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Only 14 percent of Radcliffe's Class of '50 will jump from commencement to a waiting job. Exactly twice that number, at least temporarily, will join the ranks of the unemployed.
A poll of the graduating class taken last week by the Annex Appointment Bureau turned up 54 "no job" answers while 27 girls have work plans mapped out. Of these, seven will enter the teaching profession, which led the list.
One fifth of the class intends to go on to graduate studies in academic fields, although only 16 of the 34 students in this category have received definite replies as yet from the schools of their choice. Secretarial schools and the Radcliffe publishing course drew another 11 percent and four girls signed for the 'Cliffe Management Training Program. Two girls will become nurses.
Fifteen girls were classified as becoming "inactive." Marriage was included in that category. Europe attracted another ten, several of whom will remain beyond the summer season. Ten percent of the class was not reached by the poll, which also included February graduates.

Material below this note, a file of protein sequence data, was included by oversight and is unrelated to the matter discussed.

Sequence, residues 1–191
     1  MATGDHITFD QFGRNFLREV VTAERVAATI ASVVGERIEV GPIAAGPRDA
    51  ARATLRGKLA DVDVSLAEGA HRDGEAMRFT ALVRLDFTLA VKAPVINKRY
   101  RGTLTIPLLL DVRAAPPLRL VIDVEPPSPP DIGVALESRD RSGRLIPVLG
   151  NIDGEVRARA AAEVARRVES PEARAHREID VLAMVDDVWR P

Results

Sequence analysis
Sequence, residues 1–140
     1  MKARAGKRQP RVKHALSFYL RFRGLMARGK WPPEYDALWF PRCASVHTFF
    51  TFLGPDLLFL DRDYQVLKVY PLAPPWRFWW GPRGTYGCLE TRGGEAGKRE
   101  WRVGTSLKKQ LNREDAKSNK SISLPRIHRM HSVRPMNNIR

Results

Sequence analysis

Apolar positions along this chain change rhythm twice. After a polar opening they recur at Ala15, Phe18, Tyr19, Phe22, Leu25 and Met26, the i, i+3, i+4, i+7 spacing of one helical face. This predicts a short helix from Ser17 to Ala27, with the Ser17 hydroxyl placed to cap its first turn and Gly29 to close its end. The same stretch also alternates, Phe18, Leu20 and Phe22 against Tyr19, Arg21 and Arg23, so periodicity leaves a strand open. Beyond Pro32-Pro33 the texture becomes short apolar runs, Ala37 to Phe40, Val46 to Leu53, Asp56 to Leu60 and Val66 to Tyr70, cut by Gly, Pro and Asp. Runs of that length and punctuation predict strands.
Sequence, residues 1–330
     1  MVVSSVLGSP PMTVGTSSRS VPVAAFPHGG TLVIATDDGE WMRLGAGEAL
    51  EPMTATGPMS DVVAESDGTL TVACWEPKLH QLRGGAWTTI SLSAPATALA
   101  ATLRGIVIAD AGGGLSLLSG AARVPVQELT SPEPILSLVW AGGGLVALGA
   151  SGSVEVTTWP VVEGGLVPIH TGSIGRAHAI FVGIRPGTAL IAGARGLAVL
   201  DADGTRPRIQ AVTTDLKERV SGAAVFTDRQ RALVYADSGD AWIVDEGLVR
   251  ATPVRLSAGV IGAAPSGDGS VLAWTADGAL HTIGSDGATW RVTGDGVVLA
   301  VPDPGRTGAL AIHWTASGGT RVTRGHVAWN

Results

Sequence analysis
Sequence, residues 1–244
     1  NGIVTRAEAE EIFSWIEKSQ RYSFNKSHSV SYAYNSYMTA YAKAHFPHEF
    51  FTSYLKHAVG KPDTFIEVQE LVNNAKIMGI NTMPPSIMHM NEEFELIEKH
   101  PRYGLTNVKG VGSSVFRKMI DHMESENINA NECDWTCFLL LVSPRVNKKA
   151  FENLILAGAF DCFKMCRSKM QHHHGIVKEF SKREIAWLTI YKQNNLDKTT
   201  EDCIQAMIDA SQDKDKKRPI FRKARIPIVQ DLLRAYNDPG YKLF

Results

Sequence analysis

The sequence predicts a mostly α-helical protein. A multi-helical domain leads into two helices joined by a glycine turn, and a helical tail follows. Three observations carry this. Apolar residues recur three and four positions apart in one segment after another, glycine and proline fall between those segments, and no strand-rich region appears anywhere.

An occasional unusual job turned up. Edith Sloan, a February graduate, is at present an assistant principal at the Episcopal School in Liberia. Claire Ham '50 will be working on cancer research at M.I.T.
Aside from teaching, library work, laboratory research, and department store training led the field with three apiece. Two have secretarial jobs waiting and two others will become department assistants at the University, one in anthropology and one in psychology.
Solitary paths in publishing, economic research, interior decorating, real estate, and clerical work called individual members from 1950.
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